Quarrying: stone, elay and glass produets Wood industry Manufacture of pulp, paper and paper products Printing and allied industries
0.0020 0.0108 0.0257 0.0231 0.0154 0.0131 0.0157 0.0026
Food manufacturing industries Beverage and tobacco industries Textile industry leather furs and rubber industries Chemieal industry Building and eonstruction
Total Explained Residual
0.0736
Sum of squares
d.f.
2379.2523 1978.5735 400.6788
23,653 66 23,587
(0.0027) (0.0087) (0.0051 ) (0.0084) (0.0039) (0.0131) (0.0068) (0.0107) (0.0064) (0.0077) (0.0038) (0.0035)
223
TABLE Ila:H68, number of observations Total number of observations: 34,540
~ 263035 45 60 
Education
Cost of living area 25 29 34 44 59
3,586 5,511 6,030 9,798 8,784 831
Degree in engineering Certificate in engineering I Certificate in engineering II Degree in science Other degrees
20,623 5,837 8,080
Job Level Family 6 Administration of plants or branches General analytical and planning work Supervision of production Work supervision, general Work supervision, building and construction work Mathematical work Laboratory work Mechanical and electrical design engineering Construction and civil engineering design Productivity engineering Technical instruction and technical service
94
72
14
80 1,397 30
152 2,286 62
77 1,923 368
324 216
41 115 724
300 394 1,566
789 434 2,303
967 223 959
354
155
784
2,582
4,034
2,746
609
25 76
173 330
441 740
726 1,326
786
12
114
431
821
293
73 25 603
17 163
Mining Metal and engineering industry Iron and steel works, metal plants Manufacture of hardware Engineering works Repair works Shipyards Manufacture of electrical equipment Other metal industry Quarrying: stone, clay and glass products Wood i ndustry Manufacture of pulp, paper and paper products Printing and allied industries Food manufacturing industries Beverage and tobacco industries Textile industry Leather, furs and rubber industries Chemical industry Building and construction
224
1,067 2,867 953 10,063 130 1,231 6,228 339 1,009 396 1,307 100 535 68 398 343 2,235 5,271
25
120
15
4,660 12,220 17,117 287 256
TABLE Ila: H68/3 R
I ntercept 8.2449 (0.0033)
~
26 30 35 45
 25
0.2201

0.1061 0.0092 0.0890 0.1405
(0.0024) (0.0018) (0.0017) (0.0015) (0.0016)
0.1059
(0.0038)
29 34 44 59
60 
0.0450 0.0140 0.0589
= 0.9319
Education
eost of living area
(0.0010) (0.0013) (0.0012)
Degree in engineering
0.0832
(0.0028)
Certificate in
0.0596
(0.0027)
engineering II
0.0844
(0.0027)
Degree in science
0.0107 0.0501
(0.0064) (0.0068)
engineering I Certificate in
Other degrees
Job Level Family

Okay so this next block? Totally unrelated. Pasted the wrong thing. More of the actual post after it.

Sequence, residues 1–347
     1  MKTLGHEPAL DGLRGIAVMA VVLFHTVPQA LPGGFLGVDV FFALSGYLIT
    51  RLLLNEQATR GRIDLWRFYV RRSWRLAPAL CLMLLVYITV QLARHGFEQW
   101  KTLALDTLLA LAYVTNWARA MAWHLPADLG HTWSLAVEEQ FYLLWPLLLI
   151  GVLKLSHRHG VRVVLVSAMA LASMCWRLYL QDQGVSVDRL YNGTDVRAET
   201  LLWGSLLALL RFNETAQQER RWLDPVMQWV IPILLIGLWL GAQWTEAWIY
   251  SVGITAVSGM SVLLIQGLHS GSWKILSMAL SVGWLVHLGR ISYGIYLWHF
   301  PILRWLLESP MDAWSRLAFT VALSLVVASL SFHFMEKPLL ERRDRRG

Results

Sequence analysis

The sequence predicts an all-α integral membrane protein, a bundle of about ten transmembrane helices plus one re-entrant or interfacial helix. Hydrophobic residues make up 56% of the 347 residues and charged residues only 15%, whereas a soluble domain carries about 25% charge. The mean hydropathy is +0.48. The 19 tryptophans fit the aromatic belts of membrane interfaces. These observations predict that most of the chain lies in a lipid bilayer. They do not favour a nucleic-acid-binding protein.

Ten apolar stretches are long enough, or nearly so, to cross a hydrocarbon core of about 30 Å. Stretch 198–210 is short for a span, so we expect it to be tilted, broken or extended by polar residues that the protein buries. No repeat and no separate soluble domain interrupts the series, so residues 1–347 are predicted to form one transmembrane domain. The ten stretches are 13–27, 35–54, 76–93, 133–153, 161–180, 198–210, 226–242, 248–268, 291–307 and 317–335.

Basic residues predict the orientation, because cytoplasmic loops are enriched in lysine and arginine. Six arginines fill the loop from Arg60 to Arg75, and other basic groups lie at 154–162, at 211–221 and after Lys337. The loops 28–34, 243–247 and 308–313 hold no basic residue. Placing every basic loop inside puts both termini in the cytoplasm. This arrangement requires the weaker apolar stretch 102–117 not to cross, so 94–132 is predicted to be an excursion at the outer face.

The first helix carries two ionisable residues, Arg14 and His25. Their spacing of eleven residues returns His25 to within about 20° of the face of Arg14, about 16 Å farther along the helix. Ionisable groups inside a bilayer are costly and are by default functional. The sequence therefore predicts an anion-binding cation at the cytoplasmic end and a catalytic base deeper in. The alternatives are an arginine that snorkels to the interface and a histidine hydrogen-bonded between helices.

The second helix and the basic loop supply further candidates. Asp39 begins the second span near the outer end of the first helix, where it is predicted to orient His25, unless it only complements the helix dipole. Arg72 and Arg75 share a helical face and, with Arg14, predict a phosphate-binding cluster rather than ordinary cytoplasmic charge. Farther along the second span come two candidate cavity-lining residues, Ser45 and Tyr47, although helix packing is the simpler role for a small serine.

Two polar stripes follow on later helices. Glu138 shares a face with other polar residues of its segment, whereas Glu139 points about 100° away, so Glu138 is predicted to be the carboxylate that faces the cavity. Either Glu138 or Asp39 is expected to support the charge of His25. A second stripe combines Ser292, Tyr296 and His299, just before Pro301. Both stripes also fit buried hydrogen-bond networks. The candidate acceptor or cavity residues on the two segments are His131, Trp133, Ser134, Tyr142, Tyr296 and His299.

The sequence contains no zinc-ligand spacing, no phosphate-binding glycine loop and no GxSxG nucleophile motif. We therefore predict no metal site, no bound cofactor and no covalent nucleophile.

Administration of plants or branches
0.6710 (0.0149)
0.4421 (0.0131)
0.1766 (0.0149)
0.1106 (0.0335)
General analytical and planning work
0.4558 (0.0251)
0.3261 (0.0142)
0.0940 (0.0104)
0.1164 (0.0144)
Supervision of production
0.5094 (0.0056)
0.3005 (0.0040)
0.1093 (0.0034)
0.0616 (0.0035)
0.2621 (0.0073) 0.3411 (0.0089)
0.4200 (0.0251) 0.4730 (0.0075)
Work supervision, general
0.1879 (0.0229)
0.0043 (0.0160)
0.2026 (0.0069)
Work supervision, building and construction work
0.1251 (0.0197)
0.0157 (0.0078)
0.1575 (0.0054)
0.3332 (0.0051)
Mathematica! work
0.4633 (0.0304)
0.2629 (0.0120)
0.0451 (0.0067)
0.1497 (0.0064)
0.3955 (0.0088)
Laboratory work
0.4725 (0.0102)
0.2639 (0.0054)
0.0399 (0.0039)
0.1676 (0.0034)
0.3330 (0.0048)
0.4385 (0.0117)
0.7047 (0.0396)
Mechanical and electrical design engineering
0.4651 (0.0104)
0.2542 (0.0050)
0.0088 (0.0033)
0.1856 (0.0029)
0.3280 (0.0034)
0.4410 (0.0057)
0.4974 (0.0274)
Construction and civil engineering design
0.4935 (0.0251)
0.2578 (0.0098)
0.0211 (0.0063)
0.1740 (0.0051 )
Productivityengineering
0.3927 (0.0145)
0.1640 (0.0072)
0.0119 (0.0051)
0.1836 (0.0041)
0.3215 (0.0051)
Technical instruction and technicai service
0.4112 (0.0361)
0.2706 (0.0119)
0.0263 (0.0064)
":0.1530 (0.0049)
0.3175 (0.0077)
Mining Metal and engineering industry I ron and steel works, metal plants Manufacture of hardware Engineering works Repair works Shipyards Manufacture of electrical equipment Other metal industry Quarrying: stone, e/ay and glass products Wood industry Manufacture of pulp, paper and paper products Priniing and allied industries Food manufacturing industries Beverage and tobacco industries Textile industry Leather, furs and rubber industries Chemical industry Building and construction
0.0003
(0.0041)
0.0115 0.0054 0.0208 0.0081 0.0172 0.0120 0.0076 0.0157 0.0023 0.0090 0.0150 0.0248 0.0111 0.0107 0.0092 0.0003 0.0244
(0.0028) (0.0042) (0.0021) (0.0107) (0.0039) (0.0024) (0.0067) (0.0041) (0.0063) (0.0037) (0.0150) (0.0055) (0.0121) (0.0063) (0.0067) (0.0031) (0.0029)
0.4416 (0.0324)
225